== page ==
Senate Passes the Drinking Water and Wastewater Infrastructure Act with a Focus on Small, Disadvantaged, and Rural Communities

May 10, 2021


Last week, the Senate passed S. 914, the Drinking Water and Wastewater Infrastructure Act (DWWIA), to invest $35 billion in state water infrastructure programs. Funds will be used to upgrade aging infrastructure, address threats associated with climate change, and invest in modern technologies to bring the nation’s infrastructure up to date. The legislation has broad bipartisan support and passed the Senate by an 89-2 vote. Forty percent of the funding is specifically meant to benefit small, disadvantaged, rural, and tribal communities.
Thirty billion of the funding will be distributed through the Environmental Protection Agency’s (EPA’s) Clean Water State Revolving Loan Fund and its Drinking Water State Revolving Loan Fund. The additional $5+ billion will be distributed through specialized grant funding. For instance, the bill mandates that $100 million per year be put towards grants specifically to remove lead from drinking water, a key component of the Biden administration’s infrastructure agenda.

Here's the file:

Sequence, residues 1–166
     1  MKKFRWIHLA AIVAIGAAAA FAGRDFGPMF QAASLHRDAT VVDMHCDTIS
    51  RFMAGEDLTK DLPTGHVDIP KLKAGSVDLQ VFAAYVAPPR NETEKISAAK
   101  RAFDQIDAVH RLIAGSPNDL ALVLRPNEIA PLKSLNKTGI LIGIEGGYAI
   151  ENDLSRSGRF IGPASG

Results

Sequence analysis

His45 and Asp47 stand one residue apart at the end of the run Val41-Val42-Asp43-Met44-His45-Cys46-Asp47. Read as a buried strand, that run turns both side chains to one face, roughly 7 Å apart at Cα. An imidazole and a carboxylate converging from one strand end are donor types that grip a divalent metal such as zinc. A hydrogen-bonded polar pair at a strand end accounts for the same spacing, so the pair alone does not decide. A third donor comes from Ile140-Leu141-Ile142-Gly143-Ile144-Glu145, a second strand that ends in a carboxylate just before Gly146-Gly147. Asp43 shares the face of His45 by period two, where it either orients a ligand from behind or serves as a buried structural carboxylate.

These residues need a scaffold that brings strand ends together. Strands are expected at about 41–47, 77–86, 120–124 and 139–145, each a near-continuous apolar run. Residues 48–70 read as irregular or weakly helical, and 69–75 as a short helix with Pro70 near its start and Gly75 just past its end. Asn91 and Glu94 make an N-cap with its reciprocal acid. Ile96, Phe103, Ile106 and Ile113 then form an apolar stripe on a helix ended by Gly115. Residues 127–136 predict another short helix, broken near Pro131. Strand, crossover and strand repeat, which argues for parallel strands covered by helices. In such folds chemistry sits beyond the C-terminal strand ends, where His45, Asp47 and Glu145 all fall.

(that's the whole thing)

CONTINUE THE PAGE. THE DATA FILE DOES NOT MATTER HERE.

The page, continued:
The bill also creates a grant program for large- and medium-sized drinking water systems, where fifty percent of the funding will be put towards systems that serve between 10,000 and 100,000 people. The remaining fifty percent will go towards systems serving populations of at least 100,000.
Senator Tom Carper (D-DE), Chairman of the Senate Committee on Environment and Public Works, commented on the passing of the bill on the Senate floor, stating, “This bipartisan bill invests in strengthening our nation’s water systems to foster economic growth, build climate-resilient infrastructure, and help ensure that all Americans have access to clean, safe water.”
According to an earlier press release from the Senate Committee on Environment and Public Works, the legislation will:
  • Invest significantly in small, disadvantaged, rural, and tribal communities through grant programs that promote environmental justice.
  • Provide states with increased funding and program flexibilities to invest in community water projects that address aging infrastructure and improve water quality through the State Revolving Loan Funds.
  • Connect households to public water and wastewater services, decentralize wastewater services, and improve sanitation in Alaskan rural and native villages.
  • Increase investments in lead abatement through grant programs and assistance.
  • Promote resiliency projects to address the impacts of climate change.
  • Increase investment to address recruitment, training, and retention challenges facing the water and wastewater utility workforce.
  • Invest in the drinking water and wastewater needs of tribal communities.
  • Provide significant investments in technical assistance and new and emerging technologies that result in cleaner, safer, and more reliable water.

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